Improved staffing cuts medicare patient readmissions

January 4, 2013
(HealthDay)—Hospital nurses with good work environments who are caring for fewer patients have significantly fewer elderly Medicare patients with heart failure, acute myocardial infarction (MI), and pneumonia who are readmitted ...

More nurses for hospital patients: Impact on quality questionable

September 12, 2012
Passage of a bill in 1999 requiring minimum nurse-to-patient ratios in California hospitals increased the number of nurses but resulted in mixed quality of care, according to a new study in the journal Health Services Research.

RN staffing affects patient success after discharge

April 26, 2011
Higher non-overtime staffing levels of registered nurses lower the probability of patient readmissions to the hospital, a new study finds. However, higher levels of RN overtime increase the likelihood of unplanned visits ...

New study reveals increasing nurse-to-patient ratios do not extend patient safety

February 27, 2012
(Medical Xpress) -- Hospitals are currently under pressure to control the cost of medical care, while at the same time improving patient health and reducing medical errors through appropriate nurse staffing levels. A study ...

Magnet hospitals achieve lower mortality, report says

April 16, 2013
Lower mortality and other improved patient outcomes achieved at designated "Magnet hospitals" are explained partly—but not completely—by better nurse staffing, education, and work environment, reports a study in the May ...

Recommended for you

Brain disease seen in most football players in large report

July 25, 2017
Research on 202 former football players found evidence of a brain disease linked to repeated head blows in nearly all of them, from athletes in the National Football League, college and even high school.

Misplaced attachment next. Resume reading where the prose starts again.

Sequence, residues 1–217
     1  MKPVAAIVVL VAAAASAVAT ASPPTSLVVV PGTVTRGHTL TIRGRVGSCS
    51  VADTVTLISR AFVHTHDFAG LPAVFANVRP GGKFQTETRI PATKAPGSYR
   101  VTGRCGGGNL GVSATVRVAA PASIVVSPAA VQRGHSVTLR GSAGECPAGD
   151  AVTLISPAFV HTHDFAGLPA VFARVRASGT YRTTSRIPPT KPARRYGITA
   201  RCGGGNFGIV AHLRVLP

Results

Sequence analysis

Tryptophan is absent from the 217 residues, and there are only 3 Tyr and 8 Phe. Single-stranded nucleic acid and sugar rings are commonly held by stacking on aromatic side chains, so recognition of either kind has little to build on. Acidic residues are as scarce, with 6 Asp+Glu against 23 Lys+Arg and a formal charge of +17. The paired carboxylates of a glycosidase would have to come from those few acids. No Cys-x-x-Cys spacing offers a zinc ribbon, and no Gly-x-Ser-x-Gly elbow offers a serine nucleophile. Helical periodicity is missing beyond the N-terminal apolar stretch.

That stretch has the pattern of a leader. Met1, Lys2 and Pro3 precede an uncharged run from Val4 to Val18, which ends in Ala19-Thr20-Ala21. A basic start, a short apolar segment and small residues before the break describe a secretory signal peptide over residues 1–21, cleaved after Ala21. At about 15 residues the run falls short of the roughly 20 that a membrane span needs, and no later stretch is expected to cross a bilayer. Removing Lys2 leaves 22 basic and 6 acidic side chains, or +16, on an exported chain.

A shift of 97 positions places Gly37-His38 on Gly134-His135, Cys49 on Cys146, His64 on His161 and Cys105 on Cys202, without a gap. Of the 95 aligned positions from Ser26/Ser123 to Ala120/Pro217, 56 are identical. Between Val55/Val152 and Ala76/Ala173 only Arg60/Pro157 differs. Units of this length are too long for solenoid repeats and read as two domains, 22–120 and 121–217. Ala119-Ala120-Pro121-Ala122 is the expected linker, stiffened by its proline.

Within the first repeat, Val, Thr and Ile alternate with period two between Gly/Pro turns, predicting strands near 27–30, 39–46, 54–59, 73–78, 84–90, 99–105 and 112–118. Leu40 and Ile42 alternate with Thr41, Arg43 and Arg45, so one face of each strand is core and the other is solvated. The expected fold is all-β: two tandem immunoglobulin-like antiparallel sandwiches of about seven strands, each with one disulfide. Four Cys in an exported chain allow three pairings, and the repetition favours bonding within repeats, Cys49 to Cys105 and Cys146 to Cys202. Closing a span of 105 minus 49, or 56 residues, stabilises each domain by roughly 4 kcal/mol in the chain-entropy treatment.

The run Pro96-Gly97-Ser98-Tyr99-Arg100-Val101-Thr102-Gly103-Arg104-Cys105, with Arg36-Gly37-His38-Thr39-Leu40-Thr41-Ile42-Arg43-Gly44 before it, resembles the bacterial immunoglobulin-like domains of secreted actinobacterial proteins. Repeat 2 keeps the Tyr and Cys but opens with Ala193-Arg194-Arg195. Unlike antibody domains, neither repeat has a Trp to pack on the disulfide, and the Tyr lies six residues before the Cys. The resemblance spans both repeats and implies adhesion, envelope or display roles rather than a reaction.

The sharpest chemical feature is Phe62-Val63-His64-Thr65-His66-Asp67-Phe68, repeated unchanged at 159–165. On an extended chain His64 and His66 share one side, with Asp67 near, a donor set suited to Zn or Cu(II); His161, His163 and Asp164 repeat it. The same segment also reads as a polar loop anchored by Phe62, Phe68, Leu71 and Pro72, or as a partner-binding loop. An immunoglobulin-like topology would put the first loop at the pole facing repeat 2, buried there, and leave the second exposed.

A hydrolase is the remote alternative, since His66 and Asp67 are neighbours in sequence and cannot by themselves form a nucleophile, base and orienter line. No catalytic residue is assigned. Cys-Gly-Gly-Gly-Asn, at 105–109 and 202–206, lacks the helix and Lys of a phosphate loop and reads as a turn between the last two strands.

Safety of medical devices not often evaluated by sex, age, or race

July 25, 2017
Researchers at Yale and the University of California-San Francisco have found that few medical devices are analyzed to consider the influence of their users' sex, age, or race on safety and effectiveness.

Why you should consider more than looks when choosing a fitness tracker

July 25, 2017
A UNSW study of five popular physical activity monitors, including Fitbit and Jawbone models, has found their accuracy differs with the speed of activity, and where they are worn.

Dog walking could be key to ensuring activity in later life

July 24, 2017
A new study has shown that regularly walking a dog boosts levels of physical activity in older people, especially during the winter.

Alcohol to claim 63,000 lives over next five years, experts warn

July 24, 2017
Alcohol consumption will cause 63,000 deaths in England over the next five years – the equivalent of 35 deaths a day – according to a new report from the University of Sheffield Alcohol Research Group.

Alcohol boosts recall of earlier learning

July 24, 2017
Drinking alcohol improves memory for information learned before the drinking episode began, new research suggests.

0 comments

Please sign in to add a comment. Registration is free, and takes less than a minute. Read more

Click here to reset your password.
Sign in to get notified via email when new comments are made.